In drier woodlands or forest they are an important component of the understory. Elsewhere they may be dominant, as in the Brigalow Belt, Myall woodlands and the eremaean Mulga woodlands. In Australia, Acacia forest is the second most common forest type after Eucalypt forest, covering 980,000 square kilometres or 8% of total forest area. Acacia is the nation’s largest genus of flowering plants with 1,000 species found. Several of its species bear vertically oriented phyllodes, which are green, broadened leaf petioles that function like leaf blades, an adaptation to hot climates and droughts; some phyllodinous species have a colourful aril on the seed. A few species have cladodes rather than leaves. Aboriginal Australians have traditionally harvested the seeds of some species, to be ground into flour and eaten as a paste or baked into a cake; the seeds contain as much as 25% more protein than common cereals, they store well for long periods due to the hard seed coats. In addition to utilizing the edible seed and gum, the people employed the timber for implements, weapons and musical instruments.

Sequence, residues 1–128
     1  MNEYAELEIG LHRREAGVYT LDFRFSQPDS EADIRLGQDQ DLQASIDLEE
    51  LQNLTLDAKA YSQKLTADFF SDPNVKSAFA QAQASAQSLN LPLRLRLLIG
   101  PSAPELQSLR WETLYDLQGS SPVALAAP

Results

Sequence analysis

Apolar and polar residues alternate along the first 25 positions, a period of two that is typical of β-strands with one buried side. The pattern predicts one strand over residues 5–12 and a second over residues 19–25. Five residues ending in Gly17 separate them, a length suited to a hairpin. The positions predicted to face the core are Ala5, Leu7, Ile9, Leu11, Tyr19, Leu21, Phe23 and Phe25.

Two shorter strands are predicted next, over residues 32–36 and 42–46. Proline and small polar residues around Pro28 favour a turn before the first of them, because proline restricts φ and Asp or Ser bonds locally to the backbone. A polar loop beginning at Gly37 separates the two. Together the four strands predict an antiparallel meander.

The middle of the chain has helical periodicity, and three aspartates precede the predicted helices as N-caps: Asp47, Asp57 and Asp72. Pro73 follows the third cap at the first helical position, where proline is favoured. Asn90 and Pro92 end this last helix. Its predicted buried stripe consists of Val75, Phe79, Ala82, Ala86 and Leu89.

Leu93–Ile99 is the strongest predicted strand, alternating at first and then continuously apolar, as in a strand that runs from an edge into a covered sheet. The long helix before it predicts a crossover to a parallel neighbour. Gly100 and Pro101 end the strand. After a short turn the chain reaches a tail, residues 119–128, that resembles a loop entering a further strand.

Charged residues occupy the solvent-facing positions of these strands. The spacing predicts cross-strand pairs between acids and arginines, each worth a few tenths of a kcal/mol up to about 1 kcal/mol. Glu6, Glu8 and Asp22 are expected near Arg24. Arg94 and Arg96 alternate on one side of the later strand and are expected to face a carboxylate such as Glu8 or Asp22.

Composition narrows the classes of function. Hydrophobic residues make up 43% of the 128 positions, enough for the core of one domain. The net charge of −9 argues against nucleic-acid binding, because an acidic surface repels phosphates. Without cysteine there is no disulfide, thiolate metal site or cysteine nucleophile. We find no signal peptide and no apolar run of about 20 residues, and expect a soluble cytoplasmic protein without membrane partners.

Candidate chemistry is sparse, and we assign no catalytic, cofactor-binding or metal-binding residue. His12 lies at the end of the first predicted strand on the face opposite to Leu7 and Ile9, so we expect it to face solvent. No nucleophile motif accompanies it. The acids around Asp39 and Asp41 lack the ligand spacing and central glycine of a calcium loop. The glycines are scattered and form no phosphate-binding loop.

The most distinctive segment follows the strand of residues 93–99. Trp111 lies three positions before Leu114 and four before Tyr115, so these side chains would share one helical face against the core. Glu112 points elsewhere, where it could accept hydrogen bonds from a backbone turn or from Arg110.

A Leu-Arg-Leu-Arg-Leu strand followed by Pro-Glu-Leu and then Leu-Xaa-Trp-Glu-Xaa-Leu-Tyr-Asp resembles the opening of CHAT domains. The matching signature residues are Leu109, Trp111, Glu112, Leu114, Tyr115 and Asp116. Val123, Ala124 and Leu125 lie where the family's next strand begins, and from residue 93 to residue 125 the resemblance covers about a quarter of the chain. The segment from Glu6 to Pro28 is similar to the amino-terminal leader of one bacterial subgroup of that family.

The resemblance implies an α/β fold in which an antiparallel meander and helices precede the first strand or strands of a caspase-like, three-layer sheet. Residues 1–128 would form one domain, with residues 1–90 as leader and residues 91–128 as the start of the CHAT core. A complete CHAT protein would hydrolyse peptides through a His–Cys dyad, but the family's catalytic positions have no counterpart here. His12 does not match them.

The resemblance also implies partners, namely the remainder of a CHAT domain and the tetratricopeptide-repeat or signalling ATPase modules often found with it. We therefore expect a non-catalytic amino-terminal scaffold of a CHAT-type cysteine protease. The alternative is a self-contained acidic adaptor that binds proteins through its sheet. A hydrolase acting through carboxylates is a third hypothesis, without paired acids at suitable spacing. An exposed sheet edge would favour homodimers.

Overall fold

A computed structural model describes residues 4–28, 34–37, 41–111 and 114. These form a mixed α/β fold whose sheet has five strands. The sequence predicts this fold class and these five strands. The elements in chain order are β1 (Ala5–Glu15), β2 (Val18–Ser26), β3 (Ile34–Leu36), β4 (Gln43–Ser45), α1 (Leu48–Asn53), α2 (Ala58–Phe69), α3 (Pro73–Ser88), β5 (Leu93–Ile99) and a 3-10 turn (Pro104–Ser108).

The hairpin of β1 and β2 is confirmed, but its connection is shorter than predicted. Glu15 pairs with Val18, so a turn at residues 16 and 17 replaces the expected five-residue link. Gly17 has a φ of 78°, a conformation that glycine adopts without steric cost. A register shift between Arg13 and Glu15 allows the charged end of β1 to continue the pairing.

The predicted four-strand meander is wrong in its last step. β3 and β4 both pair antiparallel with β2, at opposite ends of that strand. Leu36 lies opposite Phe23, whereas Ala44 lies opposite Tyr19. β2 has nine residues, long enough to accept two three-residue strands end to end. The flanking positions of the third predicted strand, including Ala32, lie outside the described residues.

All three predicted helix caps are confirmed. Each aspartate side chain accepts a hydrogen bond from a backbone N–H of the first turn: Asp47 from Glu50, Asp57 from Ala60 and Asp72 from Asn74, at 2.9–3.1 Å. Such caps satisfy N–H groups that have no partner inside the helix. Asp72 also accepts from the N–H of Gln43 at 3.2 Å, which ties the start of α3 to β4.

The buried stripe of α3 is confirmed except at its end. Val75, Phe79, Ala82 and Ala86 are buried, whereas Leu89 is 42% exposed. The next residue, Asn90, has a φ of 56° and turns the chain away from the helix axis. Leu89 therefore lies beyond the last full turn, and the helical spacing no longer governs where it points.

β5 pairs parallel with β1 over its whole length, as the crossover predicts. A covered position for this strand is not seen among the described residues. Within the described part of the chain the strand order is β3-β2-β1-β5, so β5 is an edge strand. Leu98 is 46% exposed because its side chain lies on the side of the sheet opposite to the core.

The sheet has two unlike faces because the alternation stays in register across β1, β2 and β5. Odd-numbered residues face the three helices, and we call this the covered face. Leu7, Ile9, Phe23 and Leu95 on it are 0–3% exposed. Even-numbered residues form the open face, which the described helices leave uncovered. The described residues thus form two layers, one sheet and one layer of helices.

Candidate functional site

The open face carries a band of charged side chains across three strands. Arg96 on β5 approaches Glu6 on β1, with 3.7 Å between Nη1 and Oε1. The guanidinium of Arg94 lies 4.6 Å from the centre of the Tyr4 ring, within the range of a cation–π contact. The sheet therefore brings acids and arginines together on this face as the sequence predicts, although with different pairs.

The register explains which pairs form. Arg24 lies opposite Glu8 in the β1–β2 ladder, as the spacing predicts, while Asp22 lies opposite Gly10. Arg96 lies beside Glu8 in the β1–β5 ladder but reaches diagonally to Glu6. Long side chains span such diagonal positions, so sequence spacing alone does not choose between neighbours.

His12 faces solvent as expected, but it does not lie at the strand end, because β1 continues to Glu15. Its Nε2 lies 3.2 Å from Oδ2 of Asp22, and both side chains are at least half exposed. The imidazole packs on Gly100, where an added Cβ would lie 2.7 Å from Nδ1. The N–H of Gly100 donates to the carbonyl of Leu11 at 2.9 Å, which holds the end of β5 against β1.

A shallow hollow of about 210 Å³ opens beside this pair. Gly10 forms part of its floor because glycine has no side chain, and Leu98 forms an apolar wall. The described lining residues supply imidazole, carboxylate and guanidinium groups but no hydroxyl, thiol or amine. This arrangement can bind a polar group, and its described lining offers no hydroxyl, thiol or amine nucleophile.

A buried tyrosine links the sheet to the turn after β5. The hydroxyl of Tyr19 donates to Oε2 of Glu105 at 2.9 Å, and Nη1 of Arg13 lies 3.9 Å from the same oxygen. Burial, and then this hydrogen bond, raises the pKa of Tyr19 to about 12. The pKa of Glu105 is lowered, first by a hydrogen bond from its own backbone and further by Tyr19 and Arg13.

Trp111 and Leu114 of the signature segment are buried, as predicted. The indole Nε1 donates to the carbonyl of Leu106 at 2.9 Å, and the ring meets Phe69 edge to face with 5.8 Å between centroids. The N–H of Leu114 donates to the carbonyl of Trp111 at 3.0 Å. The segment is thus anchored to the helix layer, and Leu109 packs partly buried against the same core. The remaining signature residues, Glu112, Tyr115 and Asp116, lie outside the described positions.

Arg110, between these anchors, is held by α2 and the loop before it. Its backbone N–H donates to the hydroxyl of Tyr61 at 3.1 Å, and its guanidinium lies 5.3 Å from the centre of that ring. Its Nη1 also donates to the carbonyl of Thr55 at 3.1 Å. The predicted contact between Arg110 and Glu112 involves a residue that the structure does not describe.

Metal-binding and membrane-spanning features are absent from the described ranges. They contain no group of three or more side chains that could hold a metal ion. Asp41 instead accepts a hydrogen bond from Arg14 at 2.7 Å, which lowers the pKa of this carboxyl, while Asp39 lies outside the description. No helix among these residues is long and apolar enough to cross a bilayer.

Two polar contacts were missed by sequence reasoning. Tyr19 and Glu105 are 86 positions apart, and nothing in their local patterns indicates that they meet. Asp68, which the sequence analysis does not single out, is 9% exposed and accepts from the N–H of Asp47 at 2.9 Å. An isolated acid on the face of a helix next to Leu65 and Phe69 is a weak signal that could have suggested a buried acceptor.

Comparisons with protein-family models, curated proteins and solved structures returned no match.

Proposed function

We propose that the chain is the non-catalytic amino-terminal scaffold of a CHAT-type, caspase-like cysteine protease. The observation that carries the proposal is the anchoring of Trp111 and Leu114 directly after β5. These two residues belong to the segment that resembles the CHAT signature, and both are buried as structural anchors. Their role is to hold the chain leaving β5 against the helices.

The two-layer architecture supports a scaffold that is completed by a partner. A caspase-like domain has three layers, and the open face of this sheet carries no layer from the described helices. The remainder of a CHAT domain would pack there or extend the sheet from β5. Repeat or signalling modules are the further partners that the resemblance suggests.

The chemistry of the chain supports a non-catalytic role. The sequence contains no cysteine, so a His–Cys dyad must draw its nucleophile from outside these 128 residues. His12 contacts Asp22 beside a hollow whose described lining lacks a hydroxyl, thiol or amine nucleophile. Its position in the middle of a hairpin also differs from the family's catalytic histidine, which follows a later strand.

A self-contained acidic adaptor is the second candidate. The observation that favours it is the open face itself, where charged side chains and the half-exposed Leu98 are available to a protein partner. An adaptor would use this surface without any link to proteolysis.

In ancient Egypt, an ointment made from the ground leaves of the plant was used to t

Hoys Roadlines

Hoys Roadlines was an Australian bus operator based in the Victorian city of Wangaratta. From 1993 until 2004 the company had a contract to operate train services on the Shepparton line on behalf of the Victorian State Government; the company commenced operations in 1930 from Wangaratta in the north-east of Victoria, to Shepparton and the Mount Buffalo Chalet. The company expanded into school bus runs, charter coaches, Department of Infrastructure contract coach services such as the daily Albury to Adelaide service; the company begun to downsize their operations after the loss of the rail franchise, the Adelaide to Albury route operations being purchased by Dysons in August 2004 and the remaining operations by V/Line in July 2005. In August 1993 the Kennett State Government put the operation of nine country passenger rail services to tender. Companies were invited to use buses, or a combination of the two. Hoys won a seven-year contract for the Melbourne to Cobram service from 1 July 1994. Hoys opted to operate trains as far with buses beyond.